Climate change provokes passionate arguments from both sides, but does the evidence support claims of humans’ role?
MANY have branded me a 'climate change sceptic', usually employing a derogatory tone such as they might use when describing one who has committed the most heinous of crimes.
However, while I am proud to be sceptical by nature - my natural scepticism honed by a long career as a research scientist, then heightened further in the bearpit of federal politics - I must say the critics are downright wrong in this charge.
Climate change is a reality - and it has been throughout the history of our planet. Scepticism doesn't come into it.
Rather, the label of climate change sceptic has become a slur for anyone - and there are many of us - who dares to challenge the prevailing belief that humans are responsible for all adverse developments on earth.
It is part of the same dogma which holds that industry is bad and that mining uranium is effectively little different to launching nuclear weapons.
What I am sceptical about is the claim that human activity is driving climate change. I am also sceptical about the claim the climate has been significantly warming in recent years, and that this justfies projections of dramatic warming for the century ahead, and beyond.
We have read all of the doom-laden prognostications.
For example, consider the following quote: "The evidence in support of these predictions has now begun to accumulate so massively that meteorologists are hard-pressed to keep up with it ... During the same time, the average temperature around the equator has risen by a fraction of a degree - a fraction that in some areas can mean drought and desolation"
The interesting thing about this quote is not the tone, for we have become used to the end-of-the world scenarios. We have also become used to the absolute certainty expressed in predictions of the devastation to come, and the certainty in the predictions. No, the interesting thing is that the above words came from Newsweek in the edition of April 28 1975, in an article entitled 'The Cooling World'.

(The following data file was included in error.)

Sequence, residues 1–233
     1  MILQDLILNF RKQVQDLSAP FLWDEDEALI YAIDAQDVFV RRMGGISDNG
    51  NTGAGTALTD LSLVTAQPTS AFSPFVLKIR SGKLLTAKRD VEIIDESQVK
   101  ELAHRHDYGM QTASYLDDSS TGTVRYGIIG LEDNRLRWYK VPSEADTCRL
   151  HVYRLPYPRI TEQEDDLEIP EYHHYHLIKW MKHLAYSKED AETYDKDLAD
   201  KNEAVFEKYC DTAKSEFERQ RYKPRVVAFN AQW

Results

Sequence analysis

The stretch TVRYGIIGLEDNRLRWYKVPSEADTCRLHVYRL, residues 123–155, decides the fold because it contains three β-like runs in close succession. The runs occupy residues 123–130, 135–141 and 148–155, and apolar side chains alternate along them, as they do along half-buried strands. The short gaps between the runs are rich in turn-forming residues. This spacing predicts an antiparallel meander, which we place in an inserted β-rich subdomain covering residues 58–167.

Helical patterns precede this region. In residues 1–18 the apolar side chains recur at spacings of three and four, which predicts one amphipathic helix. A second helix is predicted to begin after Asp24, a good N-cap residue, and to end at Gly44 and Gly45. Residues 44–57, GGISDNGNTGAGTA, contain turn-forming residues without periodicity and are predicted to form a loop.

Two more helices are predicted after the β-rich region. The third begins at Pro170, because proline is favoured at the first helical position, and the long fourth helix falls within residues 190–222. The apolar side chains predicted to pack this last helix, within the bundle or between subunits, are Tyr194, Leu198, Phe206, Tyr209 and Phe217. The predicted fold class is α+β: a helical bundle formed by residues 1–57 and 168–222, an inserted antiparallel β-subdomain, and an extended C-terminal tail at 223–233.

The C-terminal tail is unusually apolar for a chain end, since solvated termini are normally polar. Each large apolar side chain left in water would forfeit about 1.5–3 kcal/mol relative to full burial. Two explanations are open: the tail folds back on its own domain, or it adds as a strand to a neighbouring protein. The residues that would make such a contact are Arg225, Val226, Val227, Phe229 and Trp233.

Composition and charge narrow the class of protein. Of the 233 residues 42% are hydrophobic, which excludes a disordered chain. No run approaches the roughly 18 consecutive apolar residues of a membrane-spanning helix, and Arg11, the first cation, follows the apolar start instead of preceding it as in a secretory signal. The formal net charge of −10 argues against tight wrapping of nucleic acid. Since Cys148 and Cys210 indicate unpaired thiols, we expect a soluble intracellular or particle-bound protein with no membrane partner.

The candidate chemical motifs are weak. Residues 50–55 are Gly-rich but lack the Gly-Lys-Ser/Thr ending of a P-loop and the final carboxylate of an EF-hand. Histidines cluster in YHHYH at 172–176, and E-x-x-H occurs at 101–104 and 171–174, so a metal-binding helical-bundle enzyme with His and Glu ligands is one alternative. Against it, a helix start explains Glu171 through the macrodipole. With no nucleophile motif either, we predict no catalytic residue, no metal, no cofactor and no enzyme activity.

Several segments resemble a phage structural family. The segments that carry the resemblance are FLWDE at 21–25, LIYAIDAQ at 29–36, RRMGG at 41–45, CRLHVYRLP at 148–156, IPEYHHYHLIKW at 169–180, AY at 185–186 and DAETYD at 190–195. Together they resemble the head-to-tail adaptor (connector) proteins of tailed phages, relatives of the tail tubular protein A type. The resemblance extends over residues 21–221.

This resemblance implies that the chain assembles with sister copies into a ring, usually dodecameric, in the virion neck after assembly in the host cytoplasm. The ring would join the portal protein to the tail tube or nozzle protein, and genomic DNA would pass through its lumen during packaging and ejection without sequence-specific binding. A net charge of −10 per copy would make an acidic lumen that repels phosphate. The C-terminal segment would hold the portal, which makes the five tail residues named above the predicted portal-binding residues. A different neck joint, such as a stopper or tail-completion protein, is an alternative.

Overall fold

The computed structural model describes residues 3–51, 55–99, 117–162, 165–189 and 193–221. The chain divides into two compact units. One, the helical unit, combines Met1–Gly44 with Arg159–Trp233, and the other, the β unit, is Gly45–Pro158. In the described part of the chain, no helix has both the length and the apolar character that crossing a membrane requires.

Indeed, some of the scientists predicting an oncoming ice age then are the same scientists now leading the charge on supposed global warming.
Scientists such as Stephen Schneider, who has stated: "So we have to offer up scary scenarios, make simplified, dramatic statements, and make little mention of any doubts we might have. This 'double ethical bind' we frequently find ourselves in cannot be solved by any formula. Each of us has to decide what the right balance is between being effective and being honest."
Staggering, when these self same scientists insist that what they are saying on climate is the complete truth.
Just how accurate are the projections or predictions of the Intergovernmental Panel on Climate Change (IPCC)? How certain is the science? Most of us are well aware of the huge problems associated with the emissions trading scheme (ETS) as proposed by the federal government.
The ETS, with its implications for industry, and the economy as a whole, is obviously of great importance, but the science of the matter is something that also requires critical evaluation.
The underlying "consensus science" propounded by the IPCC is taken as a given, with anyone daring to question the received wisdom branded a heretic, denier or, God forbid, sceptic (though scepticism in science is actually a good thing, yet you would not think so, given the rhetoric).